In "Civility as the Core of Professionalism," Jayne R. Reardon concurs that zealous advocacy is entirely consistent with civility. In fact, civility is a condition of lawyer licensing:
"A civility imperative permeates bar admission standards... Capacity to act in a manner that engenders respect for the law and the profession – in other words, civility is a requirement for receiving a law license and, in some jurisdictions, for retaining the privilege of practicing law. It follows that aspiring and practicing lawyers should be disabused of the notion that effective representation ever requires or justifies incivility."3
In my experience, Missouri judges highly value civility. It makes them happy and allows them to be more focused on the case when opposing attorneys get along in the courtroom. Almost all attorney organizations emphasize the importance of facilitating the administration of justice, which encompasses civility. BAMSL’s Mission statement calls for attorneys to maintain the highest "professional standards among attorneys" and to "improve the administration of justice." The Kansas City Metropolitan Bar Association has adopted eight "Principles of Civility," including an opening declaration that, "civility and professionalism among all lawyers is essential to the operation of our legal system."4
Many of those guidelines are specific, e.g., "respect the time and schedule of others and work cooperatively in scheduling all matters." In the June 2017 issue of St. Louis Lawyer, venerable St. Louis attorney Eugene Buckley is quoted:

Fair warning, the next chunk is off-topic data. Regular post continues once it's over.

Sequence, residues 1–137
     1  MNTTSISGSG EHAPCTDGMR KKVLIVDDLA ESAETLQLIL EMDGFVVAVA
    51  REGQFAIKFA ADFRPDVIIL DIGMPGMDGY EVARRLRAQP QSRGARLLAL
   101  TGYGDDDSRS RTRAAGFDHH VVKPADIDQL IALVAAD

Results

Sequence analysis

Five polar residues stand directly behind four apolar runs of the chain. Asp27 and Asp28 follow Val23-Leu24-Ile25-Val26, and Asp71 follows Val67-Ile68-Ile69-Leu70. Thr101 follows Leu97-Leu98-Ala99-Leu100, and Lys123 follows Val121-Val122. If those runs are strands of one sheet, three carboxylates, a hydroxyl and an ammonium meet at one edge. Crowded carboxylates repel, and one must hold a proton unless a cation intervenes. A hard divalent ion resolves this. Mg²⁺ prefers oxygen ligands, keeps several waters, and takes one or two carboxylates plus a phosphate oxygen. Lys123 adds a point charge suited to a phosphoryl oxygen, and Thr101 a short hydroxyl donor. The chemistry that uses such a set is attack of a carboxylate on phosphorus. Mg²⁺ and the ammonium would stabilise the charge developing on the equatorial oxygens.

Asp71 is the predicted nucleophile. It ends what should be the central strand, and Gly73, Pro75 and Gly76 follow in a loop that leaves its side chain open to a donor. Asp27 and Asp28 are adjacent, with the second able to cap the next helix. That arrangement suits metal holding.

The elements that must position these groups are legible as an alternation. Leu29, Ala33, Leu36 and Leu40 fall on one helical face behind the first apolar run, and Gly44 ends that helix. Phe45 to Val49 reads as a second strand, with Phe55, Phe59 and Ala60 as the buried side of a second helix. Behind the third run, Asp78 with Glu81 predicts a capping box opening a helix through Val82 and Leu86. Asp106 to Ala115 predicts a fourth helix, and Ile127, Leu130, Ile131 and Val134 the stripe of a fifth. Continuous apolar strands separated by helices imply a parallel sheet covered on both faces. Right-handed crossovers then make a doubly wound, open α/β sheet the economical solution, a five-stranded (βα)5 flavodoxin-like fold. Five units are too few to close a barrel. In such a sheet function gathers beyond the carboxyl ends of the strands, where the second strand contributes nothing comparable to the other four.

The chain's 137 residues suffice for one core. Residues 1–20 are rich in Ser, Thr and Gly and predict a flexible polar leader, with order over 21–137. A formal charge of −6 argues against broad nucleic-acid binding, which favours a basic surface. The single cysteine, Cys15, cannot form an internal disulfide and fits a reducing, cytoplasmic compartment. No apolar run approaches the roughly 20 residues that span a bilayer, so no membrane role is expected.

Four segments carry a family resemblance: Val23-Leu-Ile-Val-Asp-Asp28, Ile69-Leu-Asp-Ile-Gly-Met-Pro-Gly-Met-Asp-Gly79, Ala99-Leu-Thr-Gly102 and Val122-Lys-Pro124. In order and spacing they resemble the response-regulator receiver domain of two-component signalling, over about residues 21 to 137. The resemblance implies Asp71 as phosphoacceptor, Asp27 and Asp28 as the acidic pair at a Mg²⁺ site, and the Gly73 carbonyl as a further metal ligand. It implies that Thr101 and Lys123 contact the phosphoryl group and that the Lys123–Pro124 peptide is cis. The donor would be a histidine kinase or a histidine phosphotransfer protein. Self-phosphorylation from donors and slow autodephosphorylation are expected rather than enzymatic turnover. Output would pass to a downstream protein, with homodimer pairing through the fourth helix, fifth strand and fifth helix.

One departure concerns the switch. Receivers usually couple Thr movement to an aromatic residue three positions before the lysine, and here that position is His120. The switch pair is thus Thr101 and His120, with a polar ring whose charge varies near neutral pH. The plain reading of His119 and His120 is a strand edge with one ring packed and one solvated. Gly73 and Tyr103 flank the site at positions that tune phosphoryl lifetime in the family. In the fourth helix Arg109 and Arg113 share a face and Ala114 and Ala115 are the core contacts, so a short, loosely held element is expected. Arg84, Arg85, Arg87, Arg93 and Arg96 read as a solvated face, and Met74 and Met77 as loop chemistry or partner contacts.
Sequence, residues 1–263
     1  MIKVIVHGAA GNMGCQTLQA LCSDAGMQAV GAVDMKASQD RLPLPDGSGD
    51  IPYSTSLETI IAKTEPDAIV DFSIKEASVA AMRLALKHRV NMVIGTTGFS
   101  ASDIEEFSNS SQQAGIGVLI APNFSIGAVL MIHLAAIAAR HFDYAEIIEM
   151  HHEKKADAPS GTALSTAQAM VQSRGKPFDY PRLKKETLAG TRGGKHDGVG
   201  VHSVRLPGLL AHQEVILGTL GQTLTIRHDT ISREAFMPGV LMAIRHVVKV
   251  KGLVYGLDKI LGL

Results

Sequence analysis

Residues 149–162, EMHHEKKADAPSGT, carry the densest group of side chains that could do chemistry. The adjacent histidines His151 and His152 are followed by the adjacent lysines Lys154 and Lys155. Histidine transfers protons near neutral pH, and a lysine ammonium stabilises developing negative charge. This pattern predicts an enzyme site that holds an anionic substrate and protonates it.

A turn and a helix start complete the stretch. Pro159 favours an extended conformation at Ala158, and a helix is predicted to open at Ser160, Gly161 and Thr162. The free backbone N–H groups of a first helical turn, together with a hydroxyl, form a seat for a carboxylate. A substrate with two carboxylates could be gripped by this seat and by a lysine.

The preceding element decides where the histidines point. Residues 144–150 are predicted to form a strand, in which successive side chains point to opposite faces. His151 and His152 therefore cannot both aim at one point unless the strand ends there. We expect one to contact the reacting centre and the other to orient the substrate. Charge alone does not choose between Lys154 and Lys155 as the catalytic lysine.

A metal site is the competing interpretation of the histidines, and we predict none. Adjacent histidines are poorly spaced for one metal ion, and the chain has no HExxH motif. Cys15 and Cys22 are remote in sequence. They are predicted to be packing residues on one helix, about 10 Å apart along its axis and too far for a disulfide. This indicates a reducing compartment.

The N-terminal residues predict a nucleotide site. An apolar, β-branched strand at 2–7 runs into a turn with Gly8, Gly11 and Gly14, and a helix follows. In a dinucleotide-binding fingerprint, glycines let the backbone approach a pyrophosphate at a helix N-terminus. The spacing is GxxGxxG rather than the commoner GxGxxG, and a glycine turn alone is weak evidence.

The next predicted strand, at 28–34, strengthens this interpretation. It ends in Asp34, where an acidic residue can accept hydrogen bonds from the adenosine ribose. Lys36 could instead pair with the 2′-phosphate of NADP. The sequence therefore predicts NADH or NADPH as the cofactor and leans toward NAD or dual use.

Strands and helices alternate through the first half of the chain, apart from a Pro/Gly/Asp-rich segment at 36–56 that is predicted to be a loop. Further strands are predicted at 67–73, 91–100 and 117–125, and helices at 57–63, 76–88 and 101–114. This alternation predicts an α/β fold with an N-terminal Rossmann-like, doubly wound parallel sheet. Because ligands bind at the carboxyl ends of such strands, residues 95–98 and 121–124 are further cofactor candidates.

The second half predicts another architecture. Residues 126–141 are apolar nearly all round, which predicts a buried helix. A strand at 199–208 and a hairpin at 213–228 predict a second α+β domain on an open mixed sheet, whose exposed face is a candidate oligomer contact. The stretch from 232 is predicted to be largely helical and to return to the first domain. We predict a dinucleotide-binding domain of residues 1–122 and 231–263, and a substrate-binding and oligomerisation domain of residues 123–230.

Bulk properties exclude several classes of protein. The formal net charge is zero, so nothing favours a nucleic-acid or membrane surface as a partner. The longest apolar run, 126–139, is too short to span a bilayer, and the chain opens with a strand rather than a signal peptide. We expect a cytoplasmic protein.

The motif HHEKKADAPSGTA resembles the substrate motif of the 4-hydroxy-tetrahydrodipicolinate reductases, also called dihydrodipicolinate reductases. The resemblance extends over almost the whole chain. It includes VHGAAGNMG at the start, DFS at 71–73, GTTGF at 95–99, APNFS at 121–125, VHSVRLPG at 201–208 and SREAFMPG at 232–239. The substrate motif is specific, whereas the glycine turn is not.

"Over the years I have enjoyed being active in BAMSL with the Trial Section and more recently with the Senior Lawyers Committee. I believe BAMSL promotes camaraderie among lawyers with resulting civility and professionalism."5
In 1998, the New York State Unified Court System adopted nonbinding guidelines of civility6 to encourage lawyers, judges and court personnel to observe principles of civility and decorum, and to confirm the legal profession’s rightful status as an honorable and respected profession where courtesy and civility are observed as a matter of course. Civility is not only the right thing to do. It makes cases easier to resolve. It turns courtrooms into more inviting work places. It cultivates valuable relationships among attorneys, co-counsel and judges. And now the evidence is stronger than ever that the existence and quality of your relationships with those around you is one of the best indicators of your own happiness.7
So let us offer a toast to civility: There is only upside, no downside, it improves public perception of our profession, and it makes it much more enjoyable to do our work.
- St. Louis Lawyer, June 2017, p. 2.
This article also appeared in the June 2018 issue of the St. Louis Lawyer magazine.